Confessions of a Female Airline Pilot
Top Image: Ting Yi in her Scoot cadet days. Image provided by Ting Yi.

As much as I love travelling, whenever I’m on a plane back to Singapore and hear the pilot announcing, “To all Singaporeans, welcome home”, I always feel my heart getting lighter. I know this is super cheesy, but something about that announcement made in a deep, resonant voice inflected with a Singaporean accent invariably puts me at ease.

But that thought made me realise that I’d never heard a female pilot welcoming me back to Singapore before—let alone seen one at the airport.

It’s not that I’m unobservant—according to a survey conducted in August 2019 by the International Society of Women Airline Pilots, female pilots comprise a mere 5.07% of all pilots globally. When looking at Asia only (excluding India), the number drops to a dismal 1.55%.

It’s something that females can do as well as males.

The gender imbalance is so dire that the International Air Transport Association recently launched a campaign, known as 25by2025, aimed at “improving female representation in the industry by 25%, or up to a minimum of 25% by 2025”.

One reason why there are so few female pilots is, simply, outmoded gender stereotypes.

Foo Ting Yi, 28, is a First Officer at Scoot. She thinks that being a pilot is seen as “a gendered career path [decided by] society, so the majority female population may not see it as viable, or consider it at all.”

Natalie Weili Ng, Ting Yi’s 30-year-old colleague, agrees, and points out that the aviation industry is “male-dominated [only] in the sense that all [my] colleagues were male. But I don’t feel like the skillset required or the requirements are only able to be done by men. It’s something that females can do as well as males.”

The passion with which Natalie declares her vision of gender equality is perhaps partly motivated by some encounters with passengers who treat her differently as a female pilot. She recounts, “Once, a man looked at me up and down and said, ‘Oh, you’re going to fly the plane?’ So I just replied, ‘Yes, I’m going to fly the plane. And I’m going to get you to your destination safely.’”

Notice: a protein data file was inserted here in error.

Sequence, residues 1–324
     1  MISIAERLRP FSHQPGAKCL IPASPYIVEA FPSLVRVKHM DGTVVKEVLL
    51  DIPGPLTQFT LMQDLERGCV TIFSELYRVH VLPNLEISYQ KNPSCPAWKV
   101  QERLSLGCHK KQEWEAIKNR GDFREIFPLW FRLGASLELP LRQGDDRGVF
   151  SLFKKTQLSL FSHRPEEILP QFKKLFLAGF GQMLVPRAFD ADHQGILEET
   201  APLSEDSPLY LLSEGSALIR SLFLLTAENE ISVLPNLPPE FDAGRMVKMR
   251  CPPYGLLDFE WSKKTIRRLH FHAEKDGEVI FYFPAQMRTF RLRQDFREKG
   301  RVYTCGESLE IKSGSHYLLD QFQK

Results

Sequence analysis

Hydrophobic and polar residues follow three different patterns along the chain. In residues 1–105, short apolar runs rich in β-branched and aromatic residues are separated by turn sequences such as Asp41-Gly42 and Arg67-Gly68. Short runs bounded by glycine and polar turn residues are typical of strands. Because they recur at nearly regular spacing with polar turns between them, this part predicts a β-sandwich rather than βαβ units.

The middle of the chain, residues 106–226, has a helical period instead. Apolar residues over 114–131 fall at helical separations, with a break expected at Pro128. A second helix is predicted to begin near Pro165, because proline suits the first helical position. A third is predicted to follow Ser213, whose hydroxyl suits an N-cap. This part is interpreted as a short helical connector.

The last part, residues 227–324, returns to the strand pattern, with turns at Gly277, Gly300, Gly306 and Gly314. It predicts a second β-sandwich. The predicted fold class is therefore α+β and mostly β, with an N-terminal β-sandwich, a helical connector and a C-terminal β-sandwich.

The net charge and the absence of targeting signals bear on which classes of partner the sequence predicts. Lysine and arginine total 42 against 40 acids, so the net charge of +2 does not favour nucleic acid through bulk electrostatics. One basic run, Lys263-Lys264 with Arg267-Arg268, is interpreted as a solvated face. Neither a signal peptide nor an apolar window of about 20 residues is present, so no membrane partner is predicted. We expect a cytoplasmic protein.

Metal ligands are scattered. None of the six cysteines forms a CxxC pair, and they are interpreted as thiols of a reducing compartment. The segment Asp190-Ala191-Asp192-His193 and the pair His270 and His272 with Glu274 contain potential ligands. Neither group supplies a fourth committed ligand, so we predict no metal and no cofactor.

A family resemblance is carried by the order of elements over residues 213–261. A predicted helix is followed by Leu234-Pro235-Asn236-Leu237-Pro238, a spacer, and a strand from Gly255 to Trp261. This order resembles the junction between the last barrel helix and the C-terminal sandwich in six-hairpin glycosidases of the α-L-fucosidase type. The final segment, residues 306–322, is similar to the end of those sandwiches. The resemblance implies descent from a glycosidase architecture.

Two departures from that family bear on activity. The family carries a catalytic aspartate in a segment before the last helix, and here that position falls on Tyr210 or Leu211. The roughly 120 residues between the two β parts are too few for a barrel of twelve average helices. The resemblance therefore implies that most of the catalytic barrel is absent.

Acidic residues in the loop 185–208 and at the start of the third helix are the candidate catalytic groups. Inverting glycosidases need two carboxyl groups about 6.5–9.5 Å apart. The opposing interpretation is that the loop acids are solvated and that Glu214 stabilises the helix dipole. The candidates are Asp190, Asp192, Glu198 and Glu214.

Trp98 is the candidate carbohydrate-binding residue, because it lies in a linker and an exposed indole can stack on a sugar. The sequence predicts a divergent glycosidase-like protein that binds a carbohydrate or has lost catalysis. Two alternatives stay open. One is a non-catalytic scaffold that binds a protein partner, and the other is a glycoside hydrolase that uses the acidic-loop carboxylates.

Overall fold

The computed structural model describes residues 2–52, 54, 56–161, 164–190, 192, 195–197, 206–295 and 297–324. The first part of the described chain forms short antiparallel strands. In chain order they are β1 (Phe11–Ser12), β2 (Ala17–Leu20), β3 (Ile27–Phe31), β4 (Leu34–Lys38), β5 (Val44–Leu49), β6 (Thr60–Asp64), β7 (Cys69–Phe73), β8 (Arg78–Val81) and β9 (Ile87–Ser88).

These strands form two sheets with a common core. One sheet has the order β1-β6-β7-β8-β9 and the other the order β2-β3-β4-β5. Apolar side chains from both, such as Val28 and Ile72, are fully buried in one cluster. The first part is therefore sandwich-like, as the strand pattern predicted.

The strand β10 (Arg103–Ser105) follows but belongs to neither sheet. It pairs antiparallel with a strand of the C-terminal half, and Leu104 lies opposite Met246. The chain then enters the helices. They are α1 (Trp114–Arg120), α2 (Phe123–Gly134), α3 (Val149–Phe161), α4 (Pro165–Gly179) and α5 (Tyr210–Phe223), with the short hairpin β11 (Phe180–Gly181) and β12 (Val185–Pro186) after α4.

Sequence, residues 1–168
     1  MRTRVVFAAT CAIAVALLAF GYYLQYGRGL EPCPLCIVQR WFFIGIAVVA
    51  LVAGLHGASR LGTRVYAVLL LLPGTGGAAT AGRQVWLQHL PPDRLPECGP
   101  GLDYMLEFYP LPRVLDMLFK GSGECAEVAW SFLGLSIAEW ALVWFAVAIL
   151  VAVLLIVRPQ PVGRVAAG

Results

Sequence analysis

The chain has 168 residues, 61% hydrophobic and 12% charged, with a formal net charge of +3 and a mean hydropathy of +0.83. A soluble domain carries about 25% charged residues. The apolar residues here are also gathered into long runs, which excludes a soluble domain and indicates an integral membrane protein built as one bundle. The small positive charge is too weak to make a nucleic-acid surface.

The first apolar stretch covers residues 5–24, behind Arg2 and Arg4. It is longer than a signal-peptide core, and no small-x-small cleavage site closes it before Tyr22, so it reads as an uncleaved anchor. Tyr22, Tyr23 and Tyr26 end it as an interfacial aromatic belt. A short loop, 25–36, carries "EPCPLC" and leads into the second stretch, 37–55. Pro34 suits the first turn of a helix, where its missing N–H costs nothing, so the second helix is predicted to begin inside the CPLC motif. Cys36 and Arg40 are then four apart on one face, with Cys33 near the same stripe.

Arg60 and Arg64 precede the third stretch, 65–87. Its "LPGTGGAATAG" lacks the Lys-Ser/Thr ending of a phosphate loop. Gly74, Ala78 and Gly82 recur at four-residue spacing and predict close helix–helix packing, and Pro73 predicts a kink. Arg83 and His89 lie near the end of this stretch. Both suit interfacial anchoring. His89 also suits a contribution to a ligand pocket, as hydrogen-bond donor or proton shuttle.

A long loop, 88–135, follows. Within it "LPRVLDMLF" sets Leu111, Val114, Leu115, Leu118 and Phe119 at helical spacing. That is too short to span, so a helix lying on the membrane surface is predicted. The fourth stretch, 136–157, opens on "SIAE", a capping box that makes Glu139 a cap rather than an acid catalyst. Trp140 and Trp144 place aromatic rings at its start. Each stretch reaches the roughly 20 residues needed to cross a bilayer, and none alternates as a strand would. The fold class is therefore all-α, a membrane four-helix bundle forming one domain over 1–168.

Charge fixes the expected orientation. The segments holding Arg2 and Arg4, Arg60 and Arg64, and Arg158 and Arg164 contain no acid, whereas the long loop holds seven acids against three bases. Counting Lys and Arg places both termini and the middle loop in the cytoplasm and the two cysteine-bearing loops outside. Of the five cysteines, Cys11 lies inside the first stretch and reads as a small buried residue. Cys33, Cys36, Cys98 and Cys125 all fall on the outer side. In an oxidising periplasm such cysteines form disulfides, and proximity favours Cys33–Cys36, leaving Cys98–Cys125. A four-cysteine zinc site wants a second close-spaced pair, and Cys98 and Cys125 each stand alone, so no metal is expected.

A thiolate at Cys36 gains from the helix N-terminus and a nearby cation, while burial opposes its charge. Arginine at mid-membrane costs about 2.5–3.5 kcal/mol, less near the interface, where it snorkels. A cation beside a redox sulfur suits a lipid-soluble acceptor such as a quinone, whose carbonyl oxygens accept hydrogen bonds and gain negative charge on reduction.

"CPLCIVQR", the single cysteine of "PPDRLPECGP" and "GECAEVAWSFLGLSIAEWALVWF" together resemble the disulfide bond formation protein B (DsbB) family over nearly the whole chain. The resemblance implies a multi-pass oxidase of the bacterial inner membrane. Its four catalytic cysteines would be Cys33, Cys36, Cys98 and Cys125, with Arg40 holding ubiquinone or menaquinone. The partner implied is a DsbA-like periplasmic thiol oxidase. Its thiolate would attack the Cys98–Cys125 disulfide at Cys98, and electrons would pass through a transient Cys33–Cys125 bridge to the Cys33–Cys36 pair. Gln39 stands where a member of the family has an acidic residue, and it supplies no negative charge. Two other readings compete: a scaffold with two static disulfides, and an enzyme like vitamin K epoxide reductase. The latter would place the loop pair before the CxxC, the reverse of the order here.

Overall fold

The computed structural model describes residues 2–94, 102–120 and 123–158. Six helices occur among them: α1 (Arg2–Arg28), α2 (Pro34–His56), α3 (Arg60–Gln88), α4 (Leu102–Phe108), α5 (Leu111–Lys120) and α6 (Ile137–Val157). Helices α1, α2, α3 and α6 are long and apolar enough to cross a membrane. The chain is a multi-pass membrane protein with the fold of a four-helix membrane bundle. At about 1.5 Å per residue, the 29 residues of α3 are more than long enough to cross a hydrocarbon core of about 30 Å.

Of course she did—or she wouldn’t be talking to me now—but this anecdote highlights the double standards we tend to apply to women. Female pilots undergo the same exacting training that male pilots do, so why the discrimination?

Natalie receiving her Private Pilot License. Image provided by Natalie.
The easiest way to make a male chauvinist cry and re-evaluate his worldview is to ask him to go through the ridiculously arduous training process all pilots have to undergo.

Their journey to the sky first begins on the ground: Scoot cadets have to master 14 subjects (and you thought juggling 8 subjects in secondary school was tough) leading to exams administered by the Civil Aviation Authority of Singapore. AND pass 14 more exams and 42 progress tests conducted by Singapore Flying College.

“It was a lot of multitasking, logic, math, English, critical thinking, data analysis …” Ting Yi recalls.

Only after passing everything do these cadets get to hop into a cockpit and undergo their 100 hours of flying practice in Jandakot, Perth. This experience is one of the highlights of training for these pilots, and is what impresses on them that they are, finally, pilots.

“Every day is a memorable experience … Our longest flight is about 4 hours. We flew from Jandakot in Perth to Albany in the south. We do a landing there, while other domestic carriers in Perth are landing as well. We do our own refueling and then we fly back to Jandakot,” Ting Yi says.

“Those experiences gave me confidence …  it trains the cadet to make good decisions, which is very important when we’re flying with the airline.”

And in case you’re wondering: because it’s so rigorous, yes, people do fail and flunk out of the programme.

Farhain, in the front row second from left, with Scoot cabin crew and pilots. Image provided by Scoot.
Upon earning their Commercial Pilot Licenses, they are finally full-fledged … and you thought that after such intense training, it’s over, right?